Just a couple of weeks ago the 3DS was graced with Metroid: Samus Returns, a top-notch new entry in the long standing franchise that gave the Metroidvania genre its name. Some were no doubt a little miffed that the game didn't come to the shiny new Switch, but another game has now come along that will fill in that gap quite nicely. Last year, Nintendo gamers were graced with the opportunity to play Axiom Verge - one of the finest Metroidvanias we’ve played in many years - on the Wii U. The game managed to near perfectly hit that blend of old-school elements clearly inspired by the likes of action platformers that have come before, while adding in new touches and surprises to keep the player engaged and guessing. In short, we were blown away, and now the game has been ported to the Switch. The question is this: is Axiom Verge just as good now as it was then? The answer is yes, absolutely.

Now, let’s first discuss the differences that exist between this version and the Wii U equivalent. Seeing as how the Switch doesn’t have the second screen capability of the Wii U, there is no longer an instantly accessible map or inventory screen; those are now accessed by the tap of a button, just like in other versions of the game. While it is true that this may be more inconvenient than just glancing down at a screen in your lap, it’s only a very minor change and doesn’t actually detract from the gameplay in any notable way.

The biggest change here, and the one that makes this version the most worthwhile, is the simple fact that it can be played both at home and on the go. As Axiom Verge is not a very visually intensive game to begin with, performance is the same whether or not you’re playing with it in the dock. This extra convenience of portability really does enhance the overall experience; in the review process, there were numerous times where life obligations saw us having to cut sessions on the couch short and bring the portable unit along, but we were utterly delighted that the game could be continued with no drawbacks when away from home. Obviously, this isn’t a feature that’s exclusive to Axiom Verge, but the versatility of the experience is no less satisfying here, and it’s nice to see that the game doesn’t lose anything in the process of moving from TV to portable.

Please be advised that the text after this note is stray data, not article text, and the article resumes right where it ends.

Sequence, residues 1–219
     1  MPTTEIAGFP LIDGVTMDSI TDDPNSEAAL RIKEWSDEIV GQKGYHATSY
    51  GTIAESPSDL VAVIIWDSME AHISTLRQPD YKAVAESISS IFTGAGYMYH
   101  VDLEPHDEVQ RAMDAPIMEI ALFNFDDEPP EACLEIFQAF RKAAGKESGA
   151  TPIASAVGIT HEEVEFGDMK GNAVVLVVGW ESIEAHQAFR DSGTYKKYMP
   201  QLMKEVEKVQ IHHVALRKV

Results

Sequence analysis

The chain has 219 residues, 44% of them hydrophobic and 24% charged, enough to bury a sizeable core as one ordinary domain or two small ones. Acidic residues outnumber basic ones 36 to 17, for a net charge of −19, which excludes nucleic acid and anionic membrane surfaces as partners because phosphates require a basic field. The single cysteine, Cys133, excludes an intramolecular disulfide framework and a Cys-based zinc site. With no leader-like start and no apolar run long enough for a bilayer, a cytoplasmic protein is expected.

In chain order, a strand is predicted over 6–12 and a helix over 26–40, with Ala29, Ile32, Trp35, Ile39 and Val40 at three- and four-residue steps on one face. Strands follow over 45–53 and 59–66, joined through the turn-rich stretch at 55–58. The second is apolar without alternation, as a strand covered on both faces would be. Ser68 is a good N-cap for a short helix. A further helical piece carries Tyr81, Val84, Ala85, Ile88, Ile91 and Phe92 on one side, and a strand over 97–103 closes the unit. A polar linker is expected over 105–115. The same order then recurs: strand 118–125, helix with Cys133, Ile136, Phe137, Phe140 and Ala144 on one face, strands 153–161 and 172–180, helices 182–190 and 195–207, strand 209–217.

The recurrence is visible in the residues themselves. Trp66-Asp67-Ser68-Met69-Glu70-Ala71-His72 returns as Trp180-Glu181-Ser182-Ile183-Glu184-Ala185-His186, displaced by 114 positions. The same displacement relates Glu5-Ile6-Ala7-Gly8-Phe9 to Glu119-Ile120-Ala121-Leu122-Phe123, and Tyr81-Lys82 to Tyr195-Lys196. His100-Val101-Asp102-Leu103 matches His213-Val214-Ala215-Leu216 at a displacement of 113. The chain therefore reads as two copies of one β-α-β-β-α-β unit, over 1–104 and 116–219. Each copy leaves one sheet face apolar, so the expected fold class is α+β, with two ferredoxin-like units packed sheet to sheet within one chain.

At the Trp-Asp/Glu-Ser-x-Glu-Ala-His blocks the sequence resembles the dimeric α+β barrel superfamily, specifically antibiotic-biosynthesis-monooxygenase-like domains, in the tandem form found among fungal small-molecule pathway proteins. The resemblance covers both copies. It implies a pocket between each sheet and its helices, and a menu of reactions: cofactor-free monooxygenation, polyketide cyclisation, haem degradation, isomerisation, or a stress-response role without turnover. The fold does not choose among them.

If you’re looking for a more in-depth review of Axiom Verge, you can find the original here, but we’ll still regather some thoughts here. Axiom Verge follows the story of Trace, an ambitious scientist who supposedly dies in an explosion when an experiment goes wrong. He quickly wakes up on a dark and lonely world overrun by strange creatures, guided only by a weak, disembodied voice begging for his help. There’s a bit more focus on story here than your typical Metroid title, but it never loses its sense of isolation and mystery. The more you learn about the story, the more questions you have and you feel as though you somehow know even less. It’s quite compelling in that sense, and serves to add a good sense of purpose to gameplay.